You have an incredibly distorted, liberal values. So what were these people supposed to do, let themselves be robbed and/or killed? The whole run out the door and call the police thing is over - dead. It's bullshit and it always was bullshit. Guess what? The job of the police has never been to protect you, but rather to keep a general order and to prosecute criminals - which by definition means AFTER they comitt a crime. Check my facts out: people have repeatedly sued the police and lost. This is a tacit admission on the part of the Police and the Courts that they cannot protect you and therefore cannot be held accountable for it.

You are on your own or better yet, be part of a "we" are on our own. And remember, it's only going to get worse as social serivces get cut. That's a big part of the Long Emergency, remember? Small towns have always had volunteer fire fighters - soon we'll be going back to "posses" or volunteer, emergency police as well. Somewhere deep inside you know this: great truth is often veiled in humor. Your joke about Westerns is the exact truth. And people who defend themselves against thugs are the new popular heroes. Google "Epic Beard Man" on You Tube for a recent example.

JHK,

you always rail about driving

yet you always seem to be doing it
apologizing every mile, but still

wle.

[gaping into the rear-view mirror, which is the last place to look for your destination.]

I don't know any adult who looks to the future. Ever. This is something we learn as children, that the future is full of hard lessons and loses and ends in death.

This is not a new malady, rather it is as old as human evolution. We fear the future.

It need not be this way. There are a few cultures that take an entirely different approach. But us Westerners for certain are trapped by fear of the future and there is no escape for us.

Sorry Jim. Nice try. It's going to go down and nobody is going to see it coming despite your best efforts to the contrary because they are too afraid to look.

cougar

They have no legal right to the Income Tax anyway. It's against the Constitution. Since they creat money out of nothing (fiat, makes them feel like God) why do they even need our "money"? As a mechanism of social control. Otherwise, the middle class might acutally get ahead and be in a position to challenge them.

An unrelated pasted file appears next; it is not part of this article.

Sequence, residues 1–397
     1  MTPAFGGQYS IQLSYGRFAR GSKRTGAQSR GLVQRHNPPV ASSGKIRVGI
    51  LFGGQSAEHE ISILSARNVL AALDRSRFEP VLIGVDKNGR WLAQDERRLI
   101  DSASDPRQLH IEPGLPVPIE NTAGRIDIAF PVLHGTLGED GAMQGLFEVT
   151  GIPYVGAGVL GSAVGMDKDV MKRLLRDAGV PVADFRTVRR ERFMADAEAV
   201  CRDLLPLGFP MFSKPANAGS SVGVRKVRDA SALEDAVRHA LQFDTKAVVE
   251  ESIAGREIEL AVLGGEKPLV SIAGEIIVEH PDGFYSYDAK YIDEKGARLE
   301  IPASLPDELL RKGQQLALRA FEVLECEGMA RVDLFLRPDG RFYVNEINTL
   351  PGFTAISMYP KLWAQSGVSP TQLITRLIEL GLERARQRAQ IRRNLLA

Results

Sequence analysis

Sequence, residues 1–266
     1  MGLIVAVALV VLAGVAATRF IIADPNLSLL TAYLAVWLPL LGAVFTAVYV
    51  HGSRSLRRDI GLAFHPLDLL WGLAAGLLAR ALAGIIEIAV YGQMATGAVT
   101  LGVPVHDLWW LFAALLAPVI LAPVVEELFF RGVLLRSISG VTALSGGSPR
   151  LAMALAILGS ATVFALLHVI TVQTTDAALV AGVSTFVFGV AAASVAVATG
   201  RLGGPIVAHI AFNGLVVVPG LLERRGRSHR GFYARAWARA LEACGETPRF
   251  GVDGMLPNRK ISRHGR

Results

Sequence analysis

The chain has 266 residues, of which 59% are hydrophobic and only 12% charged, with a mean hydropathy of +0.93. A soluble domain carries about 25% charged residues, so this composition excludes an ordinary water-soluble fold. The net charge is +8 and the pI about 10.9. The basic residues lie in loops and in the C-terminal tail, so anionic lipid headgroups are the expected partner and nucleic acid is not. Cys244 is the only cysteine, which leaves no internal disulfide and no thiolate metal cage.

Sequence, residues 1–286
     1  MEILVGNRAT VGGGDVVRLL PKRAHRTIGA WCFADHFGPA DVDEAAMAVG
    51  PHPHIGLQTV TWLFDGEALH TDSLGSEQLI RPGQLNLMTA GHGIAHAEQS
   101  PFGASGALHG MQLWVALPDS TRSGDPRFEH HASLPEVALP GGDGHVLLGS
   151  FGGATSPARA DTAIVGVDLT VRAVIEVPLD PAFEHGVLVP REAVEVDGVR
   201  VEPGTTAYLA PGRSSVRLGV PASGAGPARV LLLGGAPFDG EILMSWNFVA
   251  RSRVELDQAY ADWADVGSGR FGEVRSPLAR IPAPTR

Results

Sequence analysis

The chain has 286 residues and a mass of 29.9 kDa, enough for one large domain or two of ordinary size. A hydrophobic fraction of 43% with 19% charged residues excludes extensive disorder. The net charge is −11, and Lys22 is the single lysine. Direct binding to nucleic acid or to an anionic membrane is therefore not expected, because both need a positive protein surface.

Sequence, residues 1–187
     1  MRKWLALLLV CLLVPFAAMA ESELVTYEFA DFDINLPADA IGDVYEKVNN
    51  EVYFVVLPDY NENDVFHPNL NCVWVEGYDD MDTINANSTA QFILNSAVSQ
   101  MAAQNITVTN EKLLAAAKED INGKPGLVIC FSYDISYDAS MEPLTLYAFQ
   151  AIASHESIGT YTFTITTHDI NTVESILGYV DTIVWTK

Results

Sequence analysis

Helen, there's a tax credit to corporations that are exporting jobs. That's probably what he is talking about.
Phil

Don't go looking for any new or radical thinking from the Obama administration anytime soon, JHK. Just look at their policies in the Middle East if you want a good idea of where America is heading. Conventional wisdom tells us that Israel is only making matters worse by building new settlements in the West Bank. If Israel wants peace then it has to give up land to the Palestinians. That's the line that the Obama crowd is peddling to Bibi Netanyahu and his ministers and that's the position most of the sober-headed pundits are peddling to the America public in the electronic media. Unconventional thinkers will point out that Israel's policy of building settlements on the West Bank, contrary to conventional wisdom, has done a far better job of keeping the peace by physically and politically dividing the Arabs into pro and anti-American camps, and history will prove them correct. But that's not what the sober-headed types want to hear so Joe Biden twists Bibi's arm in the hope that "concessions" from Tel Aviv will mollify the Arabs and their supporters. Note to Joe Biden: a strong,united Arab world is a far greater danger to America's long-term security than today's weak, bickering Arab nations could ever hope to be. We need more "unconventional" thinking along the lines of Dmitry Orlov in Washington and less "conventional" thinking along the lines of the Obama administration.

We have bases in dozens of Countries and business interests in dozens more. It's an Empire of a kind, Cash. But you're right in that it's not National so much as the nacsent New World Order. The troops of the New World Order aren't the Blue Beanies of the UN but rather the U.S Marines. So it's not just Washington, but rather the Washington - London - Tel Aviv axis of Evil. Add in NATO and you have Orwell's Oceania - quite a potent force all in all; quite capable of destoying the World on its way down to exctinction.

Granted they have big divisions amongst themselves already. The French and the Germans seem to be leaning towards their own version of the New World Order via the United Nations - one minus Israel. This vision includes the hideous transformation of Europe into Eurarabia - something that would have amazed even Orwell.

The other World Players are Eurasia or in other words Russia and her allies; and East Asia, being China and maybe others in the future. There are some rumblings that Japan, Korea, and even India are gradually going in China's direction but they still have very strong ties to us. In any case, China is formidable all on her own.

best essay in awhile, Kunstlermeister. easily understood even by those of us not elite.

Pandalous--"a site for people who think", is its labile/label, asks, "Why do some people resent elites?" Maybe because elites assume they are the only ones thinking.

Everybody thinks, and everybody is thinking hard right now.

Maybe because elites assume they are the x-purts, and we the ones not in white coats should listen and obey, as we learned in school.

But some of us are stubborn, oh so stubborn. So we don't take the slippery slide. We keep trudging thru the mud. We have our babies at home. We pull a tooth with pliers. We grow wheat and harvest it with a sickle. "Dirty dangerous dumb" the three things this path entails. Or maybe not so dumb. Maybe just seem dumb to the elite experts. who are themselves so sadly deluded.